Accordingly, the Land Commission decision must be vacated. The church, however, asks that not only that the court vacate the Land Commission's October 30, 2003 decision, but also that the court retain the case and complete the land registration process. The court declines to follow this path.
In light of the appellate court's insistence that the Land Commission should have the primary responsibility for determining, surveying, and certifying an exact final boundary determination of Nepunuset, Kapas, 6 FSM Intrm. at 60, and the court's general unsuitability to perform those functions, the court will remand the four matters to the Land Commission to perform this work.
Because the Land Commission decision appealed from appears, at least in part, to be the result of confusion or misunderstanding of the specific tasks before it, the court will provide specific directions and instructions to assist the Land Commission in undertaking the tasks assigned to it.
Since the case is being remanded to the Land Commission, a couple of other points the church has raised must be addressed. The church states that it was prevented during Toskachu Reseki's testimony before the Land Commission from questioning him concerning the maps he had reviewed or was familiar with when he prepared a sketch of the land in question. The church also complains that it was not allowed to question Konit Esiron on his family's claim to Nepunuset or why his testimony on the same subject seemed to contradict his father's claim to Nepunuset.
No reason is apparent from the record why the church's attorney should not have been permitted to follow these lines of questioning. A party is entitled to question any witness as to the basis of his knowledge. These are relevant evidence. The court can also see no reason why the church's attorney should be prevented from asking Konit Esiron about his family's claim to Nepunuset and why his testimony on that subject differed from that of Esiron Kapas, his father. Any witness may be impeached. And the history of the land claim is relevant. The Land Commission should have permitted these lines of questioning.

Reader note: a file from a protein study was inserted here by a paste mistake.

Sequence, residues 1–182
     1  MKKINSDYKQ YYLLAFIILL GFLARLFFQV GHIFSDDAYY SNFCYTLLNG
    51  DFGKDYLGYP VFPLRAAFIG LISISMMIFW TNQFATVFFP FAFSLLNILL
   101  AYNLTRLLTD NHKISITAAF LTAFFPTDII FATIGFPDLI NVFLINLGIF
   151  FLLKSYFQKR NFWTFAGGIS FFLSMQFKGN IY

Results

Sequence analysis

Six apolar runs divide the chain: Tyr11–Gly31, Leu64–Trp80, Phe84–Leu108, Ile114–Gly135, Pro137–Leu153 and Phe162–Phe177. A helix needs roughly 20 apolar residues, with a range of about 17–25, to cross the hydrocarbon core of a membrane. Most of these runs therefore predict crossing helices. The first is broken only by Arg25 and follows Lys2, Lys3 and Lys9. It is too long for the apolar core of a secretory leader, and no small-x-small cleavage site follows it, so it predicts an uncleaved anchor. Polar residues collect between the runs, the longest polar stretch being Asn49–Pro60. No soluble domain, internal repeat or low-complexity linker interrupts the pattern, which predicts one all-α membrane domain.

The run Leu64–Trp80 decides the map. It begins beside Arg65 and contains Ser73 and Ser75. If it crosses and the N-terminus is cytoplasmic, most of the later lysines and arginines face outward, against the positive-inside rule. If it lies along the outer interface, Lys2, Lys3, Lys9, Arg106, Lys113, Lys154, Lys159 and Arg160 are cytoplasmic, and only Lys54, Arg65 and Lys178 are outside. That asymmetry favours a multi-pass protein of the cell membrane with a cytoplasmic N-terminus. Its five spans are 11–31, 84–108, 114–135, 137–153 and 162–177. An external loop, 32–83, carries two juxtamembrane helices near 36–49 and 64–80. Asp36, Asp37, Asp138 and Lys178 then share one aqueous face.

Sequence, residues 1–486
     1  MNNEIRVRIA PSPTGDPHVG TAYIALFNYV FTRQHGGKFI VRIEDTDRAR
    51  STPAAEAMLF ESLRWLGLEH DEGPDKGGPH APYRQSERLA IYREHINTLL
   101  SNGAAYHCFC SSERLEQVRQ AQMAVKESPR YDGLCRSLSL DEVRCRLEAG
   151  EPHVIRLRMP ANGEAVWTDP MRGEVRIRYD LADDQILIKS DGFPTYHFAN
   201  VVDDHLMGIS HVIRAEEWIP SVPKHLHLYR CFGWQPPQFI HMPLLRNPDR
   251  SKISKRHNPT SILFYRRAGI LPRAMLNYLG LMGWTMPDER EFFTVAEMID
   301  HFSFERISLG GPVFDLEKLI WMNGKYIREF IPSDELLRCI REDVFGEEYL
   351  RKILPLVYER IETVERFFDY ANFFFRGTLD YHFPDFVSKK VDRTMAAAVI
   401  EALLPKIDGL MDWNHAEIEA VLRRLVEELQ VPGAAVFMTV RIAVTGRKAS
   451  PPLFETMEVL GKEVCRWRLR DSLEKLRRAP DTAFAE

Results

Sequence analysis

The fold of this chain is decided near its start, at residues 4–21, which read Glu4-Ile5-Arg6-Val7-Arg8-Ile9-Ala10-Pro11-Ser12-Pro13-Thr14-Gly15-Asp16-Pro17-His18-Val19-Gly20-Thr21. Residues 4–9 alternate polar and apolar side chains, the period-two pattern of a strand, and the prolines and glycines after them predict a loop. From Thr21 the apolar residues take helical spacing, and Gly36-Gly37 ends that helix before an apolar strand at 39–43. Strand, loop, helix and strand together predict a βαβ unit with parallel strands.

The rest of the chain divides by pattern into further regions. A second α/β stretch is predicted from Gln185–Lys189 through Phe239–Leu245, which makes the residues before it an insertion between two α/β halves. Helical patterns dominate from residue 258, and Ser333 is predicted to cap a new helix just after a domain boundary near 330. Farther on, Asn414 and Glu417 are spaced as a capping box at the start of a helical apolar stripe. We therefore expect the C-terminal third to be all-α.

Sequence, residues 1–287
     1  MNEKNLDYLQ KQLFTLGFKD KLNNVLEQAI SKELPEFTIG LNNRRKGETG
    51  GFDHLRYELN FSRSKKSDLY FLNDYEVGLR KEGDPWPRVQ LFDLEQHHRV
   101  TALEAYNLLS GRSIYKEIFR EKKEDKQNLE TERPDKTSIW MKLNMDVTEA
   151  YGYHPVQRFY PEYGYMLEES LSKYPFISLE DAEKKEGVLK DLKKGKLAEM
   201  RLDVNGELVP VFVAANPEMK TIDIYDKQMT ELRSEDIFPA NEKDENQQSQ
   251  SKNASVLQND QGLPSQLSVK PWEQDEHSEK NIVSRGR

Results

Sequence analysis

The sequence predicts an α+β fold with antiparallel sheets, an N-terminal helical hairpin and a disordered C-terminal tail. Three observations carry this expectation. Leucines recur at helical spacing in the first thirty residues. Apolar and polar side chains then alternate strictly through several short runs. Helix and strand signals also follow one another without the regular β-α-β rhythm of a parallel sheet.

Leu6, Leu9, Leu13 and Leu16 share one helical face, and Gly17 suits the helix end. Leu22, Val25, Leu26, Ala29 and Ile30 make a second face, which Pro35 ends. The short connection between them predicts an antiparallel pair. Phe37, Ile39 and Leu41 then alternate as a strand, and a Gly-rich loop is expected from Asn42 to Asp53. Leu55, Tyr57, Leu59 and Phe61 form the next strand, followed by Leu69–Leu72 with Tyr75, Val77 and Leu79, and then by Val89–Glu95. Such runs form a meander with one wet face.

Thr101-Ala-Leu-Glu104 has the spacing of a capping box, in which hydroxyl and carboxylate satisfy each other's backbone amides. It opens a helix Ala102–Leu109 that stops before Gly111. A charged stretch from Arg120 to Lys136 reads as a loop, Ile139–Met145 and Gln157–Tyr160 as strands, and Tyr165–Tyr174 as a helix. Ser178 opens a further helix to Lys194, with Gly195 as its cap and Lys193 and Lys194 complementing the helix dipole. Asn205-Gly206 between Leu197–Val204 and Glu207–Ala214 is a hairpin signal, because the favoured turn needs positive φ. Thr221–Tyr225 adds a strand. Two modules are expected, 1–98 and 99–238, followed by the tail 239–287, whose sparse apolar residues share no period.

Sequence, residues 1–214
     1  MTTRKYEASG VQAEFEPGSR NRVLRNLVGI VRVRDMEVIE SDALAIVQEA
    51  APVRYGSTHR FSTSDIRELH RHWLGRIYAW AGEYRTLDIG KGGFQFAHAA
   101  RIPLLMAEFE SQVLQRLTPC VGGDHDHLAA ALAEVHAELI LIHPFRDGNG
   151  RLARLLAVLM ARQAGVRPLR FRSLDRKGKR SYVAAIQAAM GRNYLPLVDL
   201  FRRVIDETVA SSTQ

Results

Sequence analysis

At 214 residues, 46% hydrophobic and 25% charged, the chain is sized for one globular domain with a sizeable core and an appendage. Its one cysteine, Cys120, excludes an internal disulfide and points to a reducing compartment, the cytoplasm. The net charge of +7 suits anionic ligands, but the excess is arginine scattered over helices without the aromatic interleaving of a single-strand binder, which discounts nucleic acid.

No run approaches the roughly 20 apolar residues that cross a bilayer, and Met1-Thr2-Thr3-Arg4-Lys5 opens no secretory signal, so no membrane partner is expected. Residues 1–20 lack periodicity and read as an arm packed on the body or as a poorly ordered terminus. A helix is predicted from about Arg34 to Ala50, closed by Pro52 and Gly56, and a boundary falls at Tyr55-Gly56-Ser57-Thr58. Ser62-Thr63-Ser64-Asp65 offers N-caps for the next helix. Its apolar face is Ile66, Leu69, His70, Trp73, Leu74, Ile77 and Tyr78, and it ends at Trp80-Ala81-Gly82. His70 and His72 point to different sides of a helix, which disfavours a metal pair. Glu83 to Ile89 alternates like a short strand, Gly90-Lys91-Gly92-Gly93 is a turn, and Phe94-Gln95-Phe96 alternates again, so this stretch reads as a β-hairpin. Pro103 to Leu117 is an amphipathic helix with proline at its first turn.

[13 FSMIntrm. 99f]
On remand, the Land Commission and the parties shall comply with the following instructions and directions. The Land Commission's April 2, 1981 Determination of Ownership of Nepunuset in the Anes brothers is final. The Land Commission shall not reconsider or reopen that decision. Ownership of Nepunuset rests with the Anes brothers and their successors in interest.
The end result of this remand to the Land Commission is that the Chuuk Land Commission shall issue a certificate of title for Nepunuset to Fujita Peter's successors in interest2 as Fujita Peter (and his successors in interest) are the successors in interest to the Anes brothers (the adjudged landowners of Nepunuset) of that portion of Nepunuset sold to Fujita Peter. The certificate of title for Nepunuset shall describe Nepunuset's exact boundaries. It shall also show that the Church of Jesus Christ of the Latter Day Saints holds a 99-year lease that started September 4, 1985, 67 TTC 117(1)(c) (leases not exceeding a year do not have to be shown on a certificate of title); 67 TTC 119(1) (encumbrances must be noted on the certificate of title), if that lease was, is, or becomes properly recorded with the Land Commission. The Land Commission shall not inquire into or concern itself with the source of the funds that Fujita Peter used to buy Nepunuset.